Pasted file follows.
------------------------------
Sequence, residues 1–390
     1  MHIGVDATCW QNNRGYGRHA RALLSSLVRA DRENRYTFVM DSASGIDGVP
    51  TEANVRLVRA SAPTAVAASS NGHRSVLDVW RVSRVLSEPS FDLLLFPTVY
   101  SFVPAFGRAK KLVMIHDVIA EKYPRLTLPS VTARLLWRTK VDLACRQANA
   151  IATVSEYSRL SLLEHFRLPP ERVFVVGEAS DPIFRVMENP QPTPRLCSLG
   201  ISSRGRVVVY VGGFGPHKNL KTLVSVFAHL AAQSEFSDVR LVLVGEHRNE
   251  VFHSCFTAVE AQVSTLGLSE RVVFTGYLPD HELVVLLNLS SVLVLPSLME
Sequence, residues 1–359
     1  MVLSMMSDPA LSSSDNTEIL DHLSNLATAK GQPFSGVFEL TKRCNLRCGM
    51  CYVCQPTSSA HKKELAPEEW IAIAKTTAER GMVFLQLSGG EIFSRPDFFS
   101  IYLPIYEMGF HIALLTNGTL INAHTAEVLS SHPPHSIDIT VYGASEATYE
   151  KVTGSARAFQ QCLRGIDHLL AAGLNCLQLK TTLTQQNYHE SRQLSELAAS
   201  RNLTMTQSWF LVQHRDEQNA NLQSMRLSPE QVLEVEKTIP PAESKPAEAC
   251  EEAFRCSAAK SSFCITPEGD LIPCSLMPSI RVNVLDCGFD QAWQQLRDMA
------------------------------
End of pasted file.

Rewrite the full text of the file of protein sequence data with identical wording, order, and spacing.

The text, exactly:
Sequence, residues 1–390
     1  MHIGVDATCW QNNRGYGRHA RALLSSLVRA DRENRYTFVM DSASGIDGVP
    51  TEANVRLVRA SAPTAVAASS NGHRSVLDVW RVSRVLSEPS FDLLLFPTVY
   101  SFVPAFGRAK KLVMIHDVIA EKYPRLTLPS VTARLLWRTK VDLACRQANA
   151  IATVSEYSRL SLLEHFRLPP ERVFVVGEAS DPIFRVMENP QPTPRLCSLG
   201  ISSRGRVVVY VGGFGPHKNL KTLVSVFAHL AAQSEFSDVR LVLVGEHRNE
   251  VFHSCFTAVE AQVSTLGLSE RVVFTGYLPD HELVVLLNLS SVLVLPSLME
Sequence, residues 1–359
     1  MVLSMMSDPA LSSSDNTEIL DHLSNLATAK GQPFSGVFEL TKRCNLRCGM
    51  CYVCQPTSSA HKKELAPEEW IAIAKTTAER GMVFLQLSGG EIFSRPDFFS
   101  IYLPIYEMGF HIALLTNGTL INAHTAEVLS SHPPHSIDIT VYGASEATYE
   151  KVTGSARAFQ QCLRGIDHLL AAGLNCLQLK TTLTQQNYHE SRQLSELAAS
   201  RNLTMTQSWF LVQHRDEQNA NLQSMRLSPE QVLEVEKTIP PAESKPAEAC
   251  EEAFRCSAAK SSFCITPEGD LIPCSLMPSI RVNVLDCGFD QAWQQLRDMA